Horse Powered: Joint Tenancy

When Hermès decided, at the end of the 1990s, to upgrade its men’s watch offerings, the resources to do so were surprisingly close at hand. Around the same time, the Hermès family had leased a Paris apartment to another family with an interest in the luxury business, the Sandozes. The family, founders of the Sandoz pharmaceutical company, was in the process of diversifying its portfolio and, in 1996, had acquired a majority stake in boutique watchmaker Parmigiani Fleurier. In 2003, it opened Vaucher, a movement and component manufacturer, to supply Parmigiani as well as other prestige brands, including Hermès.

Hermès began selling watches in the late 1920s and ’30s, after partnering with leading manufacturers, including Jaeger (which later merged with LeCoultre & Cie to form Jaeger-LeCoultre), Universal Genève, and Movado. Hermès did not begin manufacturing its own watches until 1978, when it started producing striking, women’s quartz pieces. The collaboration with Vaucher was established in 2004 with a limited-edition retrograde moon phase mechanical movement.

In 2006, Hermès acquired a 25 percent share of Vaucher. Two limited editions introduced last year—a Cape Cod retrograde calendar with moon phase and a Dressage annual calendar—are forerunners of an expanding collection of pieces powered by high-grade mechanical movements.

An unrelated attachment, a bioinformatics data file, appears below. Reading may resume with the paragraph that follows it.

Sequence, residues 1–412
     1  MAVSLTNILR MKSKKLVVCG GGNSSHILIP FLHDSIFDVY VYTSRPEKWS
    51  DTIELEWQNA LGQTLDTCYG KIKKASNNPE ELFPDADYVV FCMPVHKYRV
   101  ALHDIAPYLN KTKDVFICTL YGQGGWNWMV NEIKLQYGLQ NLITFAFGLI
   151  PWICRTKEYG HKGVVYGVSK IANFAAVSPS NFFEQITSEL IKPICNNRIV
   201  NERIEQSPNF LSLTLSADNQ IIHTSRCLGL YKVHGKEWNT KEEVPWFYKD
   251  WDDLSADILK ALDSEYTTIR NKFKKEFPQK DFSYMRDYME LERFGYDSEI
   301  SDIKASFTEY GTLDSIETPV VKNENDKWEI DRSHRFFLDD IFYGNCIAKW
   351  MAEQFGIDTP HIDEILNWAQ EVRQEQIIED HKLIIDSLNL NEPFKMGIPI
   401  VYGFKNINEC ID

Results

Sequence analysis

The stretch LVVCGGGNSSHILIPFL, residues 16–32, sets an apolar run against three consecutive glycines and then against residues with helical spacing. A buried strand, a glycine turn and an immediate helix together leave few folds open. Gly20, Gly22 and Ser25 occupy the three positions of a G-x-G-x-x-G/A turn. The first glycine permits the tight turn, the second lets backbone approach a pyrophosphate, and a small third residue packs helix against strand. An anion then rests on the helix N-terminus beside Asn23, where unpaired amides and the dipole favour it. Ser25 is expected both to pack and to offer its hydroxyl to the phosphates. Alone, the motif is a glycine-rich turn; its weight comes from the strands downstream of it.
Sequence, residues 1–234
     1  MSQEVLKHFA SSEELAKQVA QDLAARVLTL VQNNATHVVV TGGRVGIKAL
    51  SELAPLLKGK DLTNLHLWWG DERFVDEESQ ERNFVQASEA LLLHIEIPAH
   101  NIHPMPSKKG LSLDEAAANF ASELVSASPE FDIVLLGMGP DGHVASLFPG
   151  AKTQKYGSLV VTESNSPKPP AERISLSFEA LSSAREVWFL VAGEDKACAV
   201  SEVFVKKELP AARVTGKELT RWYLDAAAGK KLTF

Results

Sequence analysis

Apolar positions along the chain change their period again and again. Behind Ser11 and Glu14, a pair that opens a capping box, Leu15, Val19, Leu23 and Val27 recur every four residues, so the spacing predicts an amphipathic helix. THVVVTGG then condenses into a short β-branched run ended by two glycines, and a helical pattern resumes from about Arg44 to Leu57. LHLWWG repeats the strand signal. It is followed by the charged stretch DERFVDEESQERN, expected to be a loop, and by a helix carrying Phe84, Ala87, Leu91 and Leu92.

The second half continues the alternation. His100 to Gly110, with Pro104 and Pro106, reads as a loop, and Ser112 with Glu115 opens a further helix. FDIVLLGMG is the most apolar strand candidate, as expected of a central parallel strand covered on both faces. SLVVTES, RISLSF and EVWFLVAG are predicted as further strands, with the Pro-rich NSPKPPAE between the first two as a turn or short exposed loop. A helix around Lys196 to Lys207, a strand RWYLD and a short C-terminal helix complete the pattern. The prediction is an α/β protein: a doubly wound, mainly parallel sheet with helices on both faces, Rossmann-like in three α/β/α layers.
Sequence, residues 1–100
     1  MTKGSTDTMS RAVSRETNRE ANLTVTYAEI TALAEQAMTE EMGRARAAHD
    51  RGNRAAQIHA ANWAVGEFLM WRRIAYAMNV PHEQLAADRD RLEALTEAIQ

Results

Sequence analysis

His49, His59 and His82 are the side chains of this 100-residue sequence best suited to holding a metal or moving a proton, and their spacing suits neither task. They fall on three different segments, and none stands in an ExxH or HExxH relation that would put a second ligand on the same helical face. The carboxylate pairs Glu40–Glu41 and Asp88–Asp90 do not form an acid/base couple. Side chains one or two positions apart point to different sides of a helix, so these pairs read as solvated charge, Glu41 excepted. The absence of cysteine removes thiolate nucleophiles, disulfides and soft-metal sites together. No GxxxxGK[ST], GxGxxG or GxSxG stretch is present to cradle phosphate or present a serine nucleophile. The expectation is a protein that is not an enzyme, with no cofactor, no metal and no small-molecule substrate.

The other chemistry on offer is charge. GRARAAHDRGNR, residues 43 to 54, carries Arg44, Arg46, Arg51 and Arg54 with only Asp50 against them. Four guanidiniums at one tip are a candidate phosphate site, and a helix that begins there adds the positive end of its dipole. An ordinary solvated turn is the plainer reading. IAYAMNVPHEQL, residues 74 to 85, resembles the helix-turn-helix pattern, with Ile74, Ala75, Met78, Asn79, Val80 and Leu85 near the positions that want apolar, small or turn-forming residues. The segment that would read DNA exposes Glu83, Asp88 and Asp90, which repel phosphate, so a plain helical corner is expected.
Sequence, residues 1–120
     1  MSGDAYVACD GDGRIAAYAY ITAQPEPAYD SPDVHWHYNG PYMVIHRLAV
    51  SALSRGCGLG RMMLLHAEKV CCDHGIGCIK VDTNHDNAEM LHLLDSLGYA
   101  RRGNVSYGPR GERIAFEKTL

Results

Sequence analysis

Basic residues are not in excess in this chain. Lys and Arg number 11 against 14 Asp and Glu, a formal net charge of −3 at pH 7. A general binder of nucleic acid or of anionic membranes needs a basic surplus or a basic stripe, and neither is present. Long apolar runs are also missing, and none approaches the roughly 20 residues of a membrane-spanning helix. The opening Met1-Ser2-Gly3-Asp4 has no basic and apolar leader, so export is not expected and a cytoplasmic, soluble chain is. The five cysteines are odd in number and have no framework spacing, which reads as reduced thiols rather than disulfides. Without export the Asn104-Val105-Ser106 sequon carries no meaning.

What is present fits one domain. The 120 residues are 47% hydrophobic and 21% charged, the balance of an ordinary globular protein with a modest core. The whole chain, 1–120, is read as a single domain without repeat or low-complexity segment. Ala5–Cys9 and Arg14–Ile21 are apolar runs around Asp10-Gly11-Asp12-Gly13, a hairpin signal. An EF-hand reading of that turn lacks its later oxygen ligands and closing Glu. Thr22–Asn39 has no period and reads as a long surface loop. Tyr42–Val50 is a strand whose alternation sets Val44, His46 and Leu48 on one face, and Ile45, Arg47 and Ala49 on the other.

Though it will not yet discuss specifics, the brand reports that this year’s introductions will include models, with highly imaginative time displays, powered by exclusive Hermès calibers. “Our relationship with Vaucher suddenly gives us development and finishing capabilities that are recognized as among the best in the world,” says Emmanuel Raffner, president of La Montre Hermès, the company’s watch division. “We would like to share the same spirit of creativity for the movements as we do for the design of the watch.”

The new timepiece has a fluid-based linear timekeeping display…
The new watch has multiple systems to ensure that its movement receives consistent power…
Computer-aided design is allowing watchmakers to push the boundaries of innovation...
The watchmaker puts its skill in guilloche and damaskeening on full display…
The two back-to-back auctions will offer hundreds of unique designs…
The new variation sports a dial crafted from a meteorite...
Photo by Didier Gourdon
The new watch has a tourbillon hidden by an automaton…
The watch’s case is a mere 8.24 mm thick…
Photo by Vincent Wulveryck/Cartier
Jeweler Cartier innovative work combined Roman, Egyptian, Indian, and Chinese elements with...
On assuming his new position, Lambert lost little time in the development of new watches...